Facebook has relaunched its Atlas advertising network to take on ad-slinger-in-chief Google.
The social network said its revamped platform will allow companies to monitor how their ads are turning – or not turning – into actual sales across devices. Normally, Facebook tracks logged-in people across the web by detecting when and where they are served Like buttons on pages (and similar "beacons"), notes down the sort of sites they look at, and serves adverts relating to their browser history on Facebook.com and in its apps.
Atlas takes this one step further: it will serve relevant ads to you whenever you are, not just on Facebook. A website can use Atlas to serve ads to people, and advertisers can place adverts through it, knowing they'll end up at the right person. If you visit a lot of cycling forums, and like cycling stuff on FB, imagine the ads for things you'll be served on other sites: helmets, spandex, frames, and so on.
Instagram's ad network and Omnicron are among the first networks to carry Atlas ads. The policy is all there in the T&Cs:
When we partner with advertisers and publishers, we sometimes target ads or perform statistical analysis according to certain general interest categories or demographic segments that we have inferred based on:
a) the pages you view and links you click when using websites and services belonging to our advertising partners,
b) the search terms you enter when using internet search services,
c) characteristics of the contacts you most frequently interact with through communications or social networking services,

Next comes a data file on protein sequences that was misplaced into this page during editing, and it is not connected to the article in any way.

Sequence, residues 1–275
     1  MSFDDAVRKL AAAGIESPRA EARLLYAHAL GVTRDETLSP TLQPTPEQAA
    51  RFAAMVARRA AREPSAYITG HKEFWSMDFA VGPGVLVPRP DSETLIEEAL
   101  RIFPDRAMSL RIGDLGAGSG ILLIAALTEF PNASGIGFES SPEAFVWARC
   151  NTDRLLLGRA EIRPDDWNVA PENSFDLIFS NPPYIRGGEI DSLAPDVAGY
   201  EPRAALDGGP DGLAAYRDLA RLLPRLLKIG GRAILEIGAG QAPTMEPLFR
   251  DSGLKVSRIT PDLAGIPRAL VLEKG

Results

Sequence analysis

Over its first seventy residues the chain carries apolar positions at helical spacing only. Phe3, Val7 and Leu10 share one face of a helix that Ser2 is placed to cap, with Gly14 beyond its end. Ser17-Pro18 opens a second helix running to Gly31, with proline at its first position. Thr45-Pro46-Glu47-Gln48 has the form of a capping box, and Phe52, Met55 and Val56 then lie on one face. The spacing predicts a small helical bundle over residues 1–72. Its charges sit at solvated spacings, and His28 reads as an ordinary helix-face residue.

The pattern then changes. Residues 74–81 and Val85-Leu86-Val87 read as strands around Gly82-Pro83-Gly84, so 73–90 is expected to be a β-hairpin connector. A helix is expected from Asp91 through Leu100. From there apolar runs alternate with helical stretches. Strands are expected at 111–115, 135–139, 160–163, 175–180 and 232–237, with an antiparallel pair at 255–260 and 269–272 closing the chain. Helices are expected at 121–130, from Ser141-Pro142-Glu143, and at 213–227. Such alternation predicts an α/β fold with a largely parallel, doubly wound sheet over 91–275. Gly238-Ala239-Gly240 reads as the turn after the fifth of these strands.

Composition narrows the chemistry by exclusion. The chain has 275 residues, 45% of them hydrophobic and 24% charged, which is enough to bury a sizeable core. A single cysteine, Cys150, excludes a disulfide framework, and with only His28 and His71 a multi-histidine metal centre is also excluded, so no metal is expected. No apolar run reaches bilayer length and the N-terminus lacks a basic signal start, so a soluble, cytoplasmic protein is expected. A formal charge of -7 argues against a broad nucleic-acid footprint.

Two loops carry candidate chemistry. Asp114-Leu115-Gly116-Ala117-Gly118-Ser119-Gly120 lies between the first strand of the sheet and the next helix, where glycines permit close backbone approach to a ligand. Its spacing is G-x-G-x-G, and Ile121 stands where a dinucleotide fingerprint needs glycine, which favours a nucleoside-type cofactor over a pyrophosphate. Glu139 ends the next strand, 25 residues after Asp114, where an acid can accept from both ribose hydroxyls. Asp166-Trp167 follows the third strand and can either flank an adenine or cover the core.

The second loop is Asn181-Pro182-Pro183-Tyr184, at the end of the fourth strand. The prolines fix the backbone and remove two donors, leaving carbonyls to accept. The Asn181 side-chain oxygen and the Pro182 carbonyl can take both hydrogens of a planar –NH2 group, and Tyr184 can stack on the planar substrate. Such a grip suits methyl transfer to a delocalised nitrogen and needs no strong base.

d) demographic or interest data, including any you may have provided when creating an account with one of our affiliates or partners (e.g. age, ZIP or postal code, gender),
e) contextual information associated with your activities on partner websites;
f) a general geographic location derived from your IP address, and/or
g) demographic or interest data acquired from partners and other companies (such as the population or other characteristics of the area where you live).
Atlas also reckons its network – which operates across loads of sites, not just Facebook – will be able to more accurately measure how ad clicks and views are being targeted to users and converted to sales.
"Atlas delivers people-based marketing, helping marketers reach real people across devices, platforms and publishers," said Atlas head Erik Johnson.
"By doing this, marketers can easily solve the cross-device problem through targeting, serving and measuring across devices."
The Atlas platform will look to draw business away from Google's DoubleClick ad management platform. The Chocolate Factory reported that its network of advertising partners banked $3.42bn in revenue in the past quarter alone.
What this will mean to users already weary of Facebook's tracking and targeted ad policies, however, remains to be seen. We're not sure linking browsing to profiles – then selling that data off – will do much for confidence in the social network.
Facebook acquired Atlas from Microsoft in the spring of 2013, with designs on turning the platform into a multi-channel advertising management and metrics service, a rollout which the company is now touting.
Prior to the acquisition by the House of Zuck, Atlas was part of the aQuantive Suite that Microsoft acquired for $6.2bn in a failed acquisition that culminated in the piecemeal sell-off of Atlas and other properties. ®